During excavations under the floor of a house in Akaroa, we found a large assemblage of labelled bottles. Labelled bottles are always an exciting find, firstly because they tell us what the bottle held at the time of its disposal, and secondly, because they’re not very common (paper doesn’t survive well when it’s buried in the earth for over 100 years). At our site in Akaroa we found over 30 bottle labels, making it one of the largest assemblages of labelled bottles we’ve recovered. These bottle labels were mostly for alcoholic products, typically beer, and were found on bottle types normally associated with alcohol, such as ring seal bottles and spirits bottles. Over the next few blog posts we’re going to focus on this assemblage of labelled bottles and explore the stories they were able to tell- starting with the risky business of exporting beer in the 19th century.
You might have noticed the bottle pictured above has two labels (there’s also a third on the back). That’s because the beer contained in this bottle was imported from Britain. Whilst the British export beer market was not a large one, only 3% of British manufactured beer was exported in the 19th century, it was far-reaching with beer exported globally (Hughes 2006: 85). The bottom label- the Guinness one- is for the manufacturer of the beer. The top one- for Robert Porter and Co.- is for the bottler of beer. Bottling companies would purchase beer from the brewer, bottle it and then export it to different countries. We found bottle labels for two brands of British and Irish beers: the infamous Irish brand Guinness and the English Bass & Co.
Guinness and Bass & Co. were the two big brands in the world of 19th century export brewing. For most British (and Irish) breweries, the demand of the internal market combined with the risk of the export market meant there was little desire to export. Exporting beer was a risky market. Beer has a shelf-life, and factors such as the long-shipping times, unpredictable weather conditions and potential for contamination meant it was common for beer to spoil. Breweries did what they could to alleviate these issues. Only beers with a long shelf-life and high quality were exported, and Bass & Co. even restricted the months in which their beers could be bottled and shipped to try and prevent spoiling (Hughes 2006: 93).
For the most part though, brewers avoided the losses associated with the export market by not bottling beers themselves. Instead, they sold their beer in bulk to bottling firms. These bottling firms were responsible for bottling the beer, shipping it overseas, and selling it to retailers, and as-such took on all the risks involved with that process. They were often ordering beer from the brewer for export a year in advance, meaning overstocking and spoilage was common, with these problems further compounded by delays in shipping and even shipwrecks. To make up for this, export beer was sold at a high price. There was no set price, as different bottling companies selling the same product competed in the same markets, but it was higher than locally produced beers, with bottlers targeting well-to-do people (Hughes 2006: 88). Whilst we only found two brands of export beer, Guinness and Bass, we found labels for a variety of export bottlers.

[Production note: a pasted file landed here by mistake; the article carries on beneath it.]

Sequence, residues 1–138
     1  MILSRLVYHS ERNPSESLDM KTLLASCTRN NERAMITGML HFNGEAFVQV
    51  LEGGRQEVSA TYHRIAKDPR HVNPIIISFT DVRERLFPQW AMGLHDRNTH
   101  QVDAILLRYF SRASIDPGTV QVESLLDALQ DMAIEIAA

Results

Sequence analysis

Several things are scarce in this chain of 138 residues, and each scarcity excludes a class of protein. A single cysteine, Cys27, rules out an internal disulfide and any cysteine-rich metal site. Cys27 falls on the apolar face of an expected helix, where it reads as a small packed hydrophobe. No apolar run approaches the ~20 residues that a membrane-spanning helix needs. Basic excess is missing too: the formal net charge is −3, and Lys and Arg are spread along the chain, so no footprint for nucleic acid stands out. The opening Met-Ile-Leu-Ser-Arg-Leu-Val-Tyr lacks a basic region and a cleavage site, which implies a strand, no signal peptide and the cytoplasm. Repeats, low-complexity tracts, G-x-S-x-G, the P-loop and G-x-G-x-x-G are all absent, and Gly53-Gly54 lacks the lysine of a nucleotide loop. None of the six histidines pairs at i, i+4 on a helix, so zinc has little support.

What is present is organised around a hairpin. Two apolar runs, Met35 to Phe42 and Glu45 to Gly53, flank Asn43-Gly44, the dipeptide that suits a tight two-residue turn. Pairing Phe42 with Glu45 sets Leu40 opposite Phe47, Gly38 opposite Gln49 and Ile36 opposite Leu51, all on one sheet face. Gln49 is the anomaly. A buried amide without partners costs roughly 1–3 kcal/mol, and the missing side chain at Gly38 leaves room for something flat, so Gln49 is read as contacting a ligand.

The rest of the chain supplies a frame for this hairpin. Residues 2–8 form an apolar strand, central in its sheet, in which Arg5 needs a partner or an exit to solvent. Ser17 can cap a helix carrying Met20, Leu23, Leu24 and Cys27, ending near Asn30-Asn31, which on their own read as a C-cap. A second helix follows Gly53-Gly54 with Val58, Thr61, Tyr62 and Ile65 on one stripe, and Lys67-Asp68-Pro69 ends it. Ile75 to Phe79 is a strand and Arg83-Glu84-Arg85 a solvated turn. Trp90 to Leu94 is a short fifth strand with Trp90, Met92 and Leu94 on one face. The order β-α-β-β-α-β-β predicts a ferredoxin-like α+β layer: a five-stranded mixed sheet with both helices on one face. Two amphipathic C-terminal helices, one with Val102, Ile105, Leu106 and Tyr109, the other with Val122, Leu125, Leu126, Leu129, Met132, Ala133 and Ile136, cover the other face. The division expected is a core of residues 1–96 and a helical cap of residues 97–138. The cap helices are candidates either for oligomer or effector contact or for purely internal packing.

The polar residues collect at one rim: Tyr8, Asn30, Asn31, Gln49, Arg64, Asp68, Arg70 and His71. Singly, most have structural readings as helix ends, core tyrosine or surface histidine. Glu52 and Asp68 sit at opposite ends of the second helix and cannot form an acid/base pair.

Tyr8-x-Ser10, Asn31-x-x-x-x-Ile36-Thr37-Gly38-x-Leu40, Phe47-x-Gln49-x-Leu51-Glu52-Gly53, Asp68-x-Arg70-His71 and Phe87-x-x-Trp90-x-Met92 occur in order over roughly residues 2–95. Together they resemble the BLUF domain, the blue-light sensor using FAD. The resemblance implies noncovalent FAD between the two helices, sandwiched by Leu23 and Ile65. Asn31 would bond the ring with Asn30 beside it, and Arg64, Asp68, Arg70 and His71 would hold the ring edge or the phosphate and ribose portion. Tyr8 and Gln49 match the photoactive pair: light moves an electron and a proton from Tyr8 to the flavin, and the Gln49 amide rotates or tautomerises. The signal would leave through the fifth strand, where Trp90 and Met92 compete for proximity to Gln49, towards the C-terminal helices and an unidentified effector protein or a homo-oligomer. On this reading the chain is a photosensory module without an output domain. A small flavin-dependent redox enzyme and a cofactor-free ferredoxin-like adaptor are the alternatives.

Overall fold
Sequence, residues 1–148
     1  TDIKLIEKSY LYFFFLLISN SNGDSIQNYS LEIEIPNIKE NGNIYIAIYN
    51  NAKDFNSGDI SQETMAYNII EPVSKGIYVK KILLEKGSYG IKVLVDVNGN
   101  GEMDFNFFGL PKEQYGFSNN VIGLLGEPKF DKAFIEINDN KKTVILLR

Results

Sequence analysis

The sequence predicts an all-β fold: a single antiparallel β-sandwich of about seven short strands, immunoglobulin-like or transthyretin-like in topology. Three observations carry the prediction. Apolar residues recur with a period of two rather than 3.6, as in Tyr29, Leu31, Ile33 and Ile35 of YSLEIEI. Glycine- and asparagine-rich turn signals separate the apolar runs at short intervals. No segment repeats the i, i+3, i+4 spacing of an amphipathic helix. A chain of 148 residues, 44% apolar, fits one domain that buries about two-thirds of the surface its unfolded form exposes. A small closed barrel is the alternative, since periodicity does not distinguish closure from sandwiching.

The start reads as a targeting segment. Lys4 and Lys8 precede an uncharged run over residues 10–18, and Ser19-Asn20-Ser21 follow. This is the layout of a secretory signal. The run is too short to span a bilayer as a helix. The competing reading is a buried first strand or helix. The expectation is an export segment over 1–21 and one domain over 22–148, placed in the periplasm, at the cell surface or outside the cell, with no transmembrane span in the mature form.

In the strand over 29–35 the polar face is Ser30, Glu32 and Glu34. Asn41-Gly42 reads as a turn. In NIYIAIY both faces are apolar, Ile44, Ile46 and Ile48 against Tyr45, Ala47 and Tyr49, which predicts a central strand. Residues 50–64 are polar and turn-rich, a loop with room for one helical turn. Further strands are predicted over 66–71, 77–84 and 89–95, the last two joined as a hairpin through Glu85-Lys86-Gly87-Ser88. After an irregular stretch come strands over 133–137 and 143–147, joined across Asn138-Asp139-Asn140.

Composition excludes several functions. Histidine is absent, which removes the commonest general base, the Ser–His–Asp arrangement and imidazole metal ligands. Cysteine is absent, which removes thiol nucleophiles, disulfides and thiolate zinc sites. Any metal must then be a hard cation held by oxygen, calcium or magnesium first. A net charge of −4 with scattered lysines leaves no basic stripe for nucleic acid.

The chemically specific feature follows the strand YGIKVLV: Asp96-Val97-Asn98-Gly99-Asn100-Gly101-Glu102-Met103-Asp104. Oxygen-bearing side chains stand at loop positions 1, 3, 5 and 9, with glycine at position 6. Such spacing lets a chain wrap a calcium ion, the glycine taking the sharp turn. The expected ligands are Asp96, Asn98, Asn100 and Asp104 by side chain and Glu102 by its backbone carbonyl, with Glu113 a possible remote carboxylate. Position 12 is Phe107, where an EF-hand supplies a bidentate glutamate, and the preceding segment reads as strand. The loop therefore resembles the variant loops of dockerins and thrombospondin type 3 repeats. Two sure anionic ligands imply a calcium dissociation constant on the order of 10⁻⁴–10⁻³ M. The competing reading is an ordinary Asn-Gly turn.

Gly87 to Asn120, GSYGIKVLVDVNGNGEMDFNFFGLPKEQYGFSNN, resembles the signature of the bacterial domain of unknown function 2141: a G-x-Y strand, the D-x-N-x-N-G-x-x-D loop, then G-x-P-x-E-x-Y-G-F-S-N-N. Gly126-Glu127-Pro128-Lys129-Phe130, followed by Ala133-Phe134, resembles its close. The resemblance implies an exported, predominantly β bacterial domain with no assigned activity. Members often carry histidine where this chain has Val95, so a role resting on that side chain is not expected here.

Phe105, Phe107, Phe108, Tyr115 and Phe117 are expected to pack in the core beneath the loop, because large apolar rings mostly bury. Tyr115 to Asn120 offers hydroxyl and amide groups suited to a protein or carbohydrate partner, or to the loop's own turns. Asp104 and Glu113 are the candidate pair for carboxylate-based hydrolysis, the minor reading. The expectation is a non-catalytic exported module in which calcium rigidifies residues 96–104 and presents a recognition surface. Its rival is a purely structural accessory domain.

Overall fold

The British export beer market peaked in 1859 at 614,000s barrels exported (that’s approximately 100,696,000 litres!). The decline was due to a myriad of reasons, one of which was increased competition with local brewers who could under-cut the price of export beer. New Zealand brewers differed to British export brewers in that they both brewed and bottled their own beer, as is evident in their bottle labels.
One of the most interesting things about the assemblage of labelled bottles was the variety of different brands and exporters present. It showed that the occupants of the house were consuming beer brewed in Christchurch, Dunedin, England and Ireland, and that there seems to have been no great preference for one type over another. Whilst we know from newspaper advertisements of the time that consumers had a wide range of products available to them, it is only when we find assemblages such as this that we can actually see what consumers were choosing to purchase, and from there begin to try and understand why they were purchasing the brands they were.
Fun fact to end the blog on (because I couldn’t find anywhere else to fit it in), the world record for drinking a pint of beer is 0.45 seconds, and 6 seconds for drinking it upside down (Record Holders Republic 2020)
Cyclopedia Company Ltd. 1905. The Cyclopedia of New Zealand [Otago & Southland Provincial Districts]. The Cyclopedia Company of New Zealand.
Cylcopedia Company Limited. 1903. The Cyclopedia of New Zealand [Canterbury Provincial District]. The Cyclopedia Company of New Zealand.
Donaldson, B., G. Hume, and S. Costello. 1990. Antique Bottles and Containers of Christchurch and District. Christchurch: Antique Bottle and Collectables Club.
Guinness Storehouse. 2019. Archive Fact Sheet: The History of Guinness The 18 Th Century and Arthur Guinness. Available: https://www.guinness-storehouse.com/content/pdf/archive-factsheets/general-history/arthur-guinness.pdf
Holl, J. 2019. Bass & Company | Craft Beer & Brewing. Available: https://beerandbrewing.com/dictionary/28hc1iTi5P/
Hughes, D. 2006. A Bottle of Guinness Please The Colourful History of Guiness. Berkshire: Phimboy.
Record Holders Republic. 2020. World Record Holders and Breakers – Peter Dowdeswell. Available: http://www.recordholdersrepublic.co.uk/world-record-holders/131/peter-dowdeswell.aspx
Yenne, B. 2007. Guinness. The 250-Year Quest for the Perfect Pint. New Jersey: John Willey & Sons.